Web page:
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NIH chief says it's time to stop 'finger wagging' at Americans hesitant about the COVID vaccine, admits his agency is not requiring employees to get shots

Photo by Greg Nash- Pool/Getty Images

The director of the National Institutes of Health told NBC's "Meet the Press" Sunday that it's time to stop "finger wagging" at fellow Americans who are hesitant to get a COVID vaccine. He also admitted on air that he is not mandating that NIH employees get vaccinated.

What's going on?

There is an ongoing debate among Americans over whether or not to get a COVID-19 vaccine, as millions of citizens have indicated they are hesitant to get an injection because they feel the testing for the vaccinations is incomplete and they have health questions or concerns.

NIH Director Francis Collins told NBC's Chuck Todd on Sunday that though he hopes to convince fellow citizens to get vaccinated, he does think it's time for vaccine advocates to take a different approach.

Collins began by discussing the controversial pause — and subsequent restart — federal health officials recommended for the Johnson & Johnson vaccine over possible connections to blood clots among women. He said that he believes that everyone should have access to the information about possible risks regarding the vaccine and understand the "potential very rare side effect" so that everyone has the facts. Then he added that when one considers the minimal nature of the vaccine's risk and weighs it against the benefits of combatting COVID, it becomes clear that "the benefits greatly outweigh the risks, even for younger women."

With that context, Todd asked Collins about vaccine hesitancy — noting that according to a new NBC poll, 4% of Democrats and about 25% of Republicans say they won't get vaccinated — and what the NIH can do to help "depoliticize" the issue.

Collins indicated that instead of demonizing those with worries, health officials and commentators should try to listen to and understand Americans' concerns.

"If we're going to be able to put COVID-19 behind us, we need to have all Americans take part in getting us to that point," Collins answered. "I think maybe one of the things we can do is to change the conversation a little bit. I think maybe there's been too much finger wagging. I've done some of that. I'm going to try to stop and listen, in fact, to what people's specific questions are."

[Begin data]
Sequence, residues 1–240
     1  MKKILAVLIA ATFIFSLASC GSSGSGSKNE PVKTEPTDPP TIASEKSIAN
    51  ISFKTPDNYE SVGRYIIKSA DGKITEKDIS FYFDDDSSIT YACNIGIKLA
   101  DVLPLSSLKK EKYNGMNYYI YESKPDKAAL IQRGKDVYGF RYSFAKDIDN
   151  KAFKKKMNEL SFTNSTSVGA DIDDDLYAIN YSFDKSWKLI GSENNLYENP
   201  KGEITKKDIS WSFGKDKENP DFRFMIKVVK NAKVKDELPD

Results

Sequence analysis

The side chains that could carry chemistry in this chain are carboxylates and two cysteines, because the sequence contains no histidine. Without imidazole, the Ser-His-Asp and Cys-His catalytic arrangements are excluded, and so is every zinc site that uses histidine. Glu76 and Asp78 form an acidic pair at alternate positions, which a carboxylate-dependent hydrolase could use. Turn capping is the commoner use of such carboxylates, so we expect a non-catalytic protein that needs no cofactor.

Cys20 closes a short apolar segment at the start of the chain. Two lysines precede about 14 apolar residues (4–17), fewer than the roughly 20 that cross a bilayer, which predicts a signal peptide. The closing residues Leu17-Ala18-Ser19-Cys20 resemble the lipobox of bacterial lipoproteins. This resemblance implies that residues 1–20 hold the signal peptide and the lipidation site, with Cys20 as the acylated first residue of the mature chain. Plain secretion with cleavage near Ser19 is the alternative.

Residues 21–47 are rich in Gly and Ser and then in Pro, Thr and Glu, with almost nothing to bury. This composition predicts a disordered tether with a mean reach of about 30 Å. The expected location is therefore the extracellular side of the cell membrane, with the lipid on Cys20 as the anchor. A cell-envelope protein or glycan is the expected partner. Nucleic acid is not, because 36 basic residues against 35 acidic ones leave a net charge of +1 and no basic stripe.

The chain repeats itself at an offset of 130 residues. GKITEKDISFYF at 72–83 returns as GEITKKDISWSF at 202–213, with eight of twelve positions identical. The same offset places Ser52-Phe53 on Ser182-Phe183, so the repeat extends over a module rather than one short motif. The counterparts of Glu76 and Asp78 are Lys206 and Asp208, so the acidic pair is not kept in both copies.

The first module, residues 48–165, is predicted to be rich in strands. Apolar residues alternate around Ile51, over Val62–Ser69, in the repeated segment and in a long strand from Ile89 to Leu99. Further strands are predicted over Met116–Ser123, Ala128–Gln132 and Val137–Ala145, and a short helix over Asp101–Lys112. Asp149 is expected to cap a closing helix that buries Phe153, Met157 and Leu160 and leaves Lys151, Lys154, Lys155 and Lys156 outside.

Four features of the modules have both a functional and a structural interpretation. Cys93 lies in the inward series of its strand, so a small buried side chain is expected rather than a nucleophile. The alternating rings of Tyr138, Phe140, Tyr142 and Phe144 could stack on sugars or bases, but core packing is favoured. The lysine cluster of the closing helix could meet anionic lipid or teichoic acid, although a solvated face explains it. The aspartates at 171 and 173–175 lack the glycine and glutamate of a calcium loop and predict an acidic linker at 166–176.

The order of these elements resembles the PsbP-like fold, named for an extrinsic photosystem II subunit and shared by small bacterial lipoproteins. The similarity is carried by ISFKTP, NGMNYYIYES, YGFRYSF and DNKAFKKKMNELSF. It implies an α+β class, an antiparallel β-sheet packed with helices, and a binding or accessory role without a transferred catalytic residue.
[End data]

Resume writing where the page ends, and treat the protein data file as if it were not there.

What did he say about vaccine mandates?

Todd pointed out that there are businesses and universities requiring employees and students to get vaccines if they want to return to work or campus. But, he noted, the fact that the vaccines are available under an emergency use authorization from the Food and Drug Administration and don't have FDA approval means the government can't mandate the citizenry get them.

So, when will the FDA formally approve the drugs, Todd wanted to know, implying that the government needs to get about the business of mandating vaccinations.

Collins responded that the FDA requires "a certain number of months of follow-up to look at any possible late safety signals" as well as other data before it can approve a drug.

Then he noted that though he's not going to disagree with private organizations that choose to require vaccines, that's not something he's prepared to do at the agency he runs.

I think if private organizations decide they want to put forward a mandate, I'm not going to disagree with their approach. After all, vaccines are good for you. I'm certainly encouraging everybody who works for me at the National Institutes of Health to get vaccinated. But I'm not mandating it.

He went on to say that it looks like the COVID vaccines might ultimately be treated like the flu shot.

"Think about it, though, in the future, though, particularly for people who are in health care, have interactions with vulnerable patients," Collins said. "We have been able to go in the direction of saying, 'You should get your flu shot.' I suspect the same will need to be the case for COVID once we're at the point where we no longer have this block about it being emergency use."

What about herd immunity?

Todd also asked Collins about the risk of not reaching herd immunity because of vaccine hesitancy.

Collins responded that there is a "serious risk," but he added that experts don't know exactly what the number is for herd immunity, saying it could be 70% to 85%.

Though America is not at those levels so far, Collins said, the combination of millions of COVID cases and the vaccination efforts is getting some regions close.

We don't really quite know with this particular virus, with the variants that are happening, exactly what that [herd immunity] number is. But it's up there around 70, 85%. And we're not there yet. You can see some places in the country that are getting close to that with the combination of having had a lot of cases of COVID, which also provides you with some immunity, plus the vaccines.
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